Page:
Christmas Presents: Light Staves

This year I decided I wanted to build something for at least part of the Christmas presents for a couple kids in my family.  They are active outdoors, so I figured I’d make them some custom walking sticks.  This… has been an adventure, and I’m not done yet.

And, yes, Gandalf was an inspiration for it, as well as some 3D printed light up “crystals” I saw online.

Premise:  if you print a “crystal” in translucent filament, and point a light into it, the crystal glows in a cool way.  I thought I’d create a 3d printed case for a flashlight to hold such a crystal, epoxy the flashlight into the case, attach it to a broom handle (cut to length), and put a little rubber foot on the bottom (to protect floors).

proof of concept.jpg

Note: This crystal is not my design, I made a new one for the staff.

After talking with some people about flashlights to use, I settled on an old favorite, the mini-maglite.  It’s been updated since when I got one as a kid, to now use an LED and be over 300 lumens.  The simpler shape also allows me to slide bits on, epoxy them, and use the threaded connections of the flashlight’s parts to hold everything together while allowing it to be disassembled for swapping batteries and possibly changing light filters.

minimag.jpg

An upgraded classic.

Other concepts I had considered were shake lights and a flashlight that had a recharging port on the side.  The idea being that in either case you wouldn’t have to be able to open it up to change batteries, but one was unavailable and the other was… 1000 lumens.  A bit much for kids.  Also, on a trail when you want a light source, you want to be able to change your batteries and not rely on having a plug handy or having to shake the staff a bunch (though it would be amusing to watch).

I attempted it first with the 1000 lumen light (I had ordered one for myself) as  practice, and it just got weird as I went on.  I experimented with leaving accessible holes for the button and the charging port on the opposite side.  I added some greeblies for fun, and a shroud on the basis that you wouldn’t want to blind yourself (or hopefully your scout leaders) with it while walking.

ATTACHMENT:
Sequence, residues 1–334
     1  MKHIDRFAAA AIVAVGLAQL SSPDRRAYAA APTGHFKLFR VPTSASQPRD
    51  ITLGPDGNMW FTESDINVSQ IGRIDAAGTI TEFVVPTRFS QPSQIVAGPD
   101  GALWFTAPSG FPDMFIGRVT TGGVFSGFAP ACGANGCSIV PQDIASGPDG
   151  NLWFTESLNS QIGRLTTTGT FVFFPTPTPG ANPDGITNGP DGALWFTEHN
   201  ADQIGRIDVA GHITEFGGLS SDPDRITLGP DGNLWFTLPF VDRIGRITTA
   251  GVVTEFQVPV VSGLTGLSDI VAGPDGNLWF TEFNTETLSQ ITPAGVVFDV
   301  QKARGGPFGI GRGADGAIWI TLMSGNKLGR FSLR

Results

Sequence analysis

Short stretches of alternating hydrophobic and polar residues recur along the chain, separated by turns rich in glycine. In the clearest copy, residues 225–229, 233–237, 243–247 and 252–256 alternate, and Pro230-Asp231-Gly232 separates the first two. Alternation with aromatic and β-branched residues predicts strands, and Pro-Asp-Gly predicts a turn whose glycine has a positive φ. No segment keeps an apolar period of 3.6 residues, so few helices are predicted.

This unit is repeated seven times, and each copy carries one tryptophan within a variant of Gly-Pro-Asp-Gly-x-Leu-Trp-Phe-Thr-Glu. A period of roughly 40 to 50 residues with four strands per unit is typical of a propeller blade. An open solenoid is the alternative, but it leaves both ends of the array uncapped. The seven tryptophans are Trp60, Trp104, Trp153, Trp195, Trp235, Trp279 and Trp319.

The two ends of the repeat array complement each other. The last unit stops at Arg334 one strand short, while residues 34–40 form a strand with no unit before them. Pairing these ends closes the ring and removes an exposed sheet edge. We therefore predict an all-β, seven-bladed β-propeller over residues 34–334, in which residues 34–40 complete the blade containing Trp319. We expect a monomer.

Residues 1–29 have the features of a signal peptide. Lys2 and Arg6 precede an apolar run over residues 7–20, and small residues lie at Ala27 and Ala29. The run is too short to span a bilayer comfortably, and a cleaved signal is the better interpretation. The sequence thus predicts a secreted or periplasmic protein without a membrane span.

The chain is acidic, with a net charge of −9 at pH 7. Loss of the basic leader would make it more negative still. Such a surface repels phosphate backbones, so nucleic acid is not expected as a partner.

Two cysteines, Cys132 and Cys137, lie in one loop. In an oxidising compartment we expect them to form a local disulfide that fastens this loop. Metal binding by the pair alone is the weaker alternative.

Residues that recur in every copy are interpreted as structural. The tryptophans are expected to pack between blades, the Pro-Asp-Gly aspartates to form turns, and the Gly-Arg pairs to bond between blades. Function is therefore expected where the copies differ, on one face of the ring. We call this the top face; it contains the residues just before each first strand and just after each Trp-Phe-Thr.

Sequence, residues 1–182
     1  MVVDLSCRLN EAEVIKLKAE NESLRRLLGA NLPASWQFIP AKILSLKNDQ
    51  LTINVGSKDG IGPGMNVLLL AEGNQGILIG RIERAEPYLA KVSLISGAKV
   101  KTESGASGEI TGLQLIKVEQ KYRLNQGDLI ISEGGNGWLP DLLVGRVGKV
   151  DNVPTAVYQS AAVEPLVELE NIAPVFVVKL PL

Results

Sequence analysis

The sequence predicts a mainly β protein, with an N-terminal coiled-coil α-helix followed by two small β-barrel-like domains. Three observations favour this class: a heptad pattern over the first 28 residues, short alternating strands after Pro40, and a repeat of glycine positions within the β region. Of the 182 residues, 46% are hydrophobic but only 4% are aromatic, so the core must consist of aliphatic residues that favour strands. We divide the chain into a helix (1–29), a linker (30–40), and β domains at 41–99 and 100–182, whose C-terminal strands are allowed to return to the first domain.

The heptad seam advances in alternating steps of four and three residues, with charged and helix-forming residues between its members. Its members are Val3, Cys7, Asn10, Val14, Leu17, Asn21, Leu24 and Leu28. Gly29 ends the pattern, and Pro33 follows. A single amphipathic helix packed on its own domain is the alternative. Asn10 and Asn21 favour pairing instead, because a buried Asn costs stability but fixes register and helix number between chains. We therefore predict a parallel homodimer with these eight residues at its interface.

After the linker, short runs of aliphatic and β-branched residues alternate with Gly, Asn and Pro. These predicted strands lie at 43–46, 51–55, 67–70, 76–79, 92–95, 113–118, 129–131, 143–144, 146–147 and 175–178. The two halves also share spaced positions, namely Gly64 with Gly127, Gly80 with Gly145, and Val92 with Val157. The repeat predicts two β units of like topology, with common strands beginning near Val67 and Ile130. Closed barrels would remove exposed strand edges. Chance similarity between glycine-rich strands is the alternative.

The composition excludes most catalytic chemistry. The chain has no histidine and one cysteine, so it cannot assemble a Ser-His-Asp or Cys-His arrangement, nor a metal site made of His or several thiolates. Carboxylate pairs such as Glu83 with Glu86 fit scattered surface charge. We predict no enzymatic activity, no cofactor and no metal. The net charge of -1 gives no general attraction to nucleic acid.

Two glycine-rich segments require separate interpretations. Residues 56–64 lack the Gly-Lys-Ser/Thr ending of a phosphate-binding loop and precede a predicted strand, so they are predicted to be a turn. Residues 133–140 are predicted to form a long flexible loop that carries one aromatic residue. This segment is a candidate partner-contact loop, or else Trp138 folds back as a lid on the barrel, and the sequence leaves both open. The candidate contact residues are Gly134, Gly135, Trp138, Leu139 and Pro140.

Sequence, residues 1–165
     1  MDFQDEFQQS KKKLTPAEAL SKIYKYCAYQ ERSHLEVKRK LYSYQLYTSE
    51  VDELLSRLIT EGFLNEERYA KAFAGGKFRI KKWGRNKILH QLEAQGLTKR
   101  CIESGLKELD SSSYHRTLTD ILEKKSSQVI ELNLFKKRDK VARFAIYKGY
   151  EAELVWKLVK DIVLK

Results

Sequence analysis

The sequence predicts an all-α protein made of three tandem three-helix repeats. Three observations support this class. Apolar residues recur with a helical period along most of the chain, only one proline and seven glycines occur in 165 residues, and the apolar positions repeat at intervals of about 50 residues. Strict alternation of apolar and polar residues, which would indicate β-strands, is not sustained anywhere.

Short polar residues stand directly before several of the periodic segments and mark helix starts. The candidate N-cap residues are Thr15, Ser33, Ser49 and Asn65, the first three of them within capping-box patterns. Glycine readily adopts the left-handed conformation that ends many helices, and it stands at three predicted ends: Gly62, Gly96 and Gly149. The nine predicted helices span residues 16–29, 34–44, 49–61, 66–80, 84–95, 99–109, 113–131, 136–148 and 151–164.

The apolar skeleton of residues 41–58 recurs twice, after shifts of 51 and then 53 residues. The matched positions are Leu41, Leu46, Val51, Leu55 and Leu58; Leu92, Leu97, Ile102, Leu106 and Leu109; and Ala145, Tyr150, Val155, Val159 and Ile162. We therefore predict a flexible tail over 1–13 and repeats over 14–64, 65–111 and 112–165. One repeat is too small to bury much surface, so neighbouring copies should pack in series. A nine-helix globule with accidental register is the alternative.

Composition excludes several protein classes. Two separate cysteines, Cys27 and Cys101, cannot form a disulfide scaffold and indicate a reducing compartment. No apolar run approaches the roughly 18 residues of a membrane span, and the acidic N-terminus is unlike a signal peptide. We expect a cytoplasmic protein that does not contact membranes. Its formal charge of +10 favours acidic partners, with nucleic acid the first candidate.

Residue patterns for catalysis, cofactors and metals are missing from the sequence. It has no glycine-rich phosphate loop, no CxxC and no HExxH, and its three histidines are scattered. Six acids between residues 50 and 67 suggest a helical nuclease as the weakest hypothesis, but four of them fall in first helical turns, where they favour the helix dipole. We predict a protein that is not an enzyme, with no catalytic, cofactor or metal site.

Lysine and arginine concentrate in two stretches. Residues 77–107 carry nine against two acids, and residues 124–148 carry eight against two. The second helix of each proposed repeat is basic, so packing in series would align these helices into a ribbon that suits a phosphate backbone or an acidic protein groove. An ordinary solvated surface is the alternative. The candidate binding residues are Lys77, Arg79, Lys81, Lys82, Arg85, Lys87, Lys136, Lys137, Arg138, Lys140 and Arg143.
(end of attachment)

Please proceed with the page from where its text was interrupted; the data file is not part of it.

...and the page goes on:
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Various iterations, not all in order.

When the maglites arrived, I started over from scratch, using what I had learned from my earlier experiments.  New crystal, new models, new everything.  As I went on, it felt more and more like making a custom lightsaber.

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A few intermediate models

So far I’ve built 1 prototype (for testing fit, getting the parents’ opinions).  The greeblies on this version were simpler, and serve more than one purpose.  Yes, they look kinda cool… but every point where you see greeblies is a spot where you need grip when unscrewing parts for changing lenses, batteries, or turning the flashlight on or off.

late prototype off.jpg

late prototype on.jpg

Casing on the workbench.  Each segment can rotate separately.

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Visualization, until I figure out how to screw the thing on

I think it’s looking pretty good.  I still have to figure out the threaded interface to the broom handle that serves as the shaft.  I also plan to print some cross-sectional models to check fit better (you can only see so much from the full model), then running a few of these off, painting them, epoxying the plastic bits to the flashlight, and modifying the length of the handles.

Whew, I hope I haven’t bitten off more than I can chew.

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